STILL BREATHING by E.A. Fournier ***Excerpt -- Guest Post with the Author, learn some of the pitfalls on the path to publication -- Giveaway***
Women’s FictionDate Published: November 17, 2018Designer: DamonzaPublisher: Acorn Publishing
Without money, a passport, clothes, or medications, Lizzie is forced to start over and find a way to survive.
Guest Post by Author E.A. Fournier
1. Not Enough
Pitfalls on the Path to Publication
A pitfall is a trap. Camouflaged by a flimsy covering, it’s a deep hole used to capture unwary prey. I’m on my own publication journey with my second book and, honestly, I’ve tumbled into a few pits already.
My first book was self-published using Amazon KDP. I did the writing, rewriting and proofing. I designed the cover, paid for help to format/encode the book, staged giveaways on Goodreads, begged for reviews and fought to get it noticed. Sadly, my novel’s nose never lifted above the sea of other titles.
I call this first pitfall the trap of “not enough.”
“Not enough” is the fearful faucet dripping in the back of your brain. The story wasn’t good enough, the writing wasn’t thrilling or lyrical or funny enough. If only the cover was more grabby. There weren’t enough reviews, not enough virtual interviews, or actual signings; not enough Twitter, Facebook, Instagram. Not promoted soon enough, or long enough, or…just not enough buzz.
You’re muttering, “This post isn’t helpful enough.” Sorry. I’m still a work in progress.
2. The Agent Trap
I heard that the best thing I could do to help myself was write another book. So, I did. I’m not short of ideas. Three years later, here I am with a women’s fiction title. It’s a better story, better written and with wider appeal. I should get representation. Surely, agents know how to avoid the pitfall of “not enough.”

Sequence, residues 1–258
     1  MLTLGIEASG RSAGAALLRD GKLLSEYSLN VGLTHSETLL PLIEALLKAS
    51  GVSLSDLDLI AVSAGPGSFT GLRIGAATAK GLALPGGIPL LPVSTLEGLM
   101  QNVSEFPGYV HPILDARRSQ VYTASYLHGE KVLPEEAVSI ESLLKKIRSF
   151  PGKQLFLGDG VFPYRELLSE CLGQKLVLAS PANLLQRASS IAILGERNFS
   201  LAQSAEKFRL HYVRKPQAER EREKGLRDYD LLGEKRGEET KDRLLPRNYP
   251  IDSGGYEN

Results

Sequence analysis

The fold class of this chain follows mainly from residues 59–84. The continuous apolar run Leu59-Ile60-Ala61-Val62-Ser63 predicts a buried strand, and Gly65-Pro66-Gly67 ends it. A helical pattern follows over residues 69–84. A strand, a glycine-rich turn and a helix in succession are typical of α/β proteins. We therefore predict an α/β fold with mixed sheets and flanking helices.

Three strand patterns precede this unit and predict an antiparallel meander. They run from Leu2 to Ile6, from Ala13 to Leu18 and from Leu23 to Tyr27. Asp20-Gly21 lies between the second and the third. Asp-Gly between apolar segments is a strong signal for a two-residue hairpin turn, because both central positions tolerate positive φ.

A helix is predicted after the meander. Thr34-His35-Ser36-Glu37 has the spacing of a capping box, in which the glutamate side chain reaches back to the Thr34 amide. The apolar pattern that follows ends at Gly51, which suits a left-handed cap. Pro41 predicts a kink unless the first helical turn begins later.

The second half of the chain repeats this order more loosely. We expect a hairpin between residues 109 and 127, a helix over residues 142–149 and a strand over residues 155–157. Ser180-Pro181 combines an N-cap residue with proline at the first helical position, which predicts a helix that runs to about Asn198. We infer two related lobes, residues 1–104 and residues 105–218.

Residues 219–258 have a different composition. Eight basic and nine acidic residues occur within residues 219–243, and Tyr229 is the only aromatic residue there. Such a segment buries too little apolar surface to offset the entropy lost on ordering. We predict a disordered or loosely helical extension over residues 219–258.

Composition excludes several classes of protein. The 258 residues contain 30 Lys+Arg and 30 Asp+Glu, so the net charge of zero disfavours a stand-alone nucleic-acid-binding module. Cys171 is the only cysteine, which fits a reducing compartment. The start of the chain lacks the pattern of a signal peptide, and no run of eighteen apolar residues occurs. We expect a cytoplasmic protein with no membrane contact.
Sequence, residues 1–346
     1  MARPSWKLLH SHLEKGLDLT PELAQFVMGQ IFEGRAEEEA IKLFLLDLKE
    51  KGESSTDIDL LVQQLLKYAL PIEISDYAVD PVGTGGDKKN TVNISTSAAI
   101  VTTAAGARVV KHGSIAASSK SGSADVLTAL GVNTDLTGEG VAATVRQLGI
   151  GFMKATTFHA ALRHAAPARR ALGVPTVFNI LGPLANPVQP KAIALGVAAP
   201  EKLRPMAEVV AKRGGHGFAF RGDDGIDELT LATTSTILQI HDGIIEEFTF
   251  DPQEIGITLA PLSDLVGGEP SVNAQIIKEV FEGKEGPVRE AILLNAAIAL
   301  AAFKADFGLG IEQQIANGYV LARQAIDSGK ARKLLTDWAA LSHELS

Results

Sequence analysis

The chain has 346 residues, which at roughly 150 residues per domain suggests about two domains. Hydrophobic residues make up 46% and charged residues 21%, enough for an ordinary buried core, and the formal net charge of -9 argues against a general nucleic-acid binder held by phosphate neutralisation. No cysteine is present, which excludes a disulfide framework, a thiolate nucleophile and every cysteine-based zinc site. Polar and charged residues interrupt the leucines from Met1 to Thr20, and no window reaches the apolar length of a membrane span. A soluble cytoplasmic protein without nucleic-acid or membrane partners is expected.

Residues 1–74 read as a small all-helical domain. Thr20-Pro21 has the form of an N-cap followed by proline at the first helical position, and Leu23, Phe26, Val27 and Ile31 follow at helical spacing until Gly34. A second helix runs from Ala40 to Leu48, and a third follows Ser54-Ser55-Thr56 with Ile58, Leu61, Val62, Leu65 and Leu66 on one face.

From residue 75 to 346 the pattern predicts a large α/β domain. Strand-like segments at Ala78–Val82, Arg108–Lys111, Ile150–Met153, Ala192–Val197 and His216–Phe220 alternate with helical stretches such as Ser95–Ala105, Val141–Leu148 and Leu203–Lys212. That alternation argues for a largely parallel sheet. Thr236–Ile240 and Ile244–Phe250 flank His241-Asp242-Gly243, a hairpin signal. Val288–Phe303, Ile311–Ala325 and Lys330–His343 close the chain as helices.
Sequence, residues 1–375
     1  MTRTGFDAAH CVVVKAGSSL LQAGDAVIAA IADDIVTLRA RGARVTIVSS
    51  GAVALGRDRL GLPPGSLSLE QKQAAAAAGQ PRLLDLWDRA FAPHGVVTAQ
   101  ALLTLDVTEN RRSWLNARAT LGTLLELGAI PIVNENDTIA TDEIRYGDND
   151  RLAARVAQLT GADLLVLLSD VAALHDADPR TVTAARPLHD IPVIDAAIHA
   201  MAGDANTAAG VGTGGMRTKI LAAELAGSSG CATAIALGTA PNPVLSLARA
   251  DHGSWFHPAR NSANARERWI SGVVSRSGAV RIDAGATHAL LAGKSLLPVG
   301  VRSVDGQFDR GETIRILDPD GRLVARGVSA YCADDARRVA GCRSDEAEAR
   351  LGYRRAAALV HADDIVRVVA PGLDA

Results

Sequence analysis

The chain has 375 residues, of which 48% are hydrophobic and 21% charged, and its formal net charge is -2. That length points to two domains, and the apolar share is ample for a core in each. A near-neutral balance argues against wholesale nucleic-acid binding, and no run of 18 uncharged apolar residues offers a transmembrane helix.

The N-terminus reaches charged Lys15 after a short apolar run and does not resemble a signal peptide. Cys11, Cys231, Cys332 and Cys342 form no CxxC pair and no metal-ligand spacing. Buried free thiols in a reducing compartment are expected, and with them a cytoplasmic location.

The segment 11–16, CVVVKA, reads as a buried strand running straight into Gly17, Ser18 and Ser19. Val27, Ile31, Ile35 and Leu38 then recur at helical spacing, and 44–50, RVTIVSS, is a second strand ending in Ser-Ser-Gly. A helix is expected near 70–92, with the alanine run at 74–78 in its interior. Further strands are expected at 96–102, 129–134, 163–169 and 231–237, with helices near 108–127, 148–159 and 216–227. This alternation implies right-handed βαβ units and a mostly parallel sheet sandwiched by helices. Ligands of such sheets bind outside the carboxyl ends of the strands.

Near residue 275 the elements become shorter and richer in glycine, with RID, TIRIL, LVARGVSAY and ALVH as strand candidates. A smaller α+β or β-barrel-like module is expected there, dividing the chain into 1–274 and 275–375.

I learned to write query letters. I researched agents and agencies, policies and idiosyncrasies. I studied publishers and contracts. I joined Query Tracker, explored critique groups, sharpened my submissions, made lists, sent materials, followed up, tracked results and listened to experts. After six months and 142 rejections (most in the form of non-replies) I gave up.
I call this pitfall “the agent trap.”
Getting an agent happens—at least I’ve read about it—but for me it amounted to six months of sitting at the bottom of another damp and depressing pitfall.
3. Hybrid Publishing
So, my current efforts find me with a hybrid publishing company whose owners fell in love with my writing at a workshop. With their help I was paired with a wonderful editor, guided to a cover design company, shepherded through KDP and introduced to new distribution channels. They taught me to build a better author platform, assisted in blog tours, secured book reviews and kept me sane. (Yes, they also cost me $$ and time—nothing is free.)
Will it make a difference? One can hope. If I’m being honest, though, I’m not sure. I may be finally striding down my path to publication or just sitting at the bottom of a new pit.
In the meantime, while I wait to find out, I’m 15,000 words into my third book.
About the Author
Originally from South Minneapolis, Gene Fournier earned a BA in Philosophy & Literature from St. Louis University followed by a Masters in Film from USC. Gene is a member of the Writers Guild of America West (WGA) and worked as a screenwriter and editor in Hollywood, but sadly, he never got that big break.
Seeking a return to his roots after twelve years in California, he accepted a Director of Media position with a multinational company headquartered in the Midwest. For thirty years he wrote, directed, edited and distributed corporate video programs around the world, managed live presentations, and orchestrated the creative elements for national and international meetings.
Retired now, with his seven children grown, and a dozen grandchildren to distract him, Gene is finally able to write down the stories he’s been carrying in his head all these years.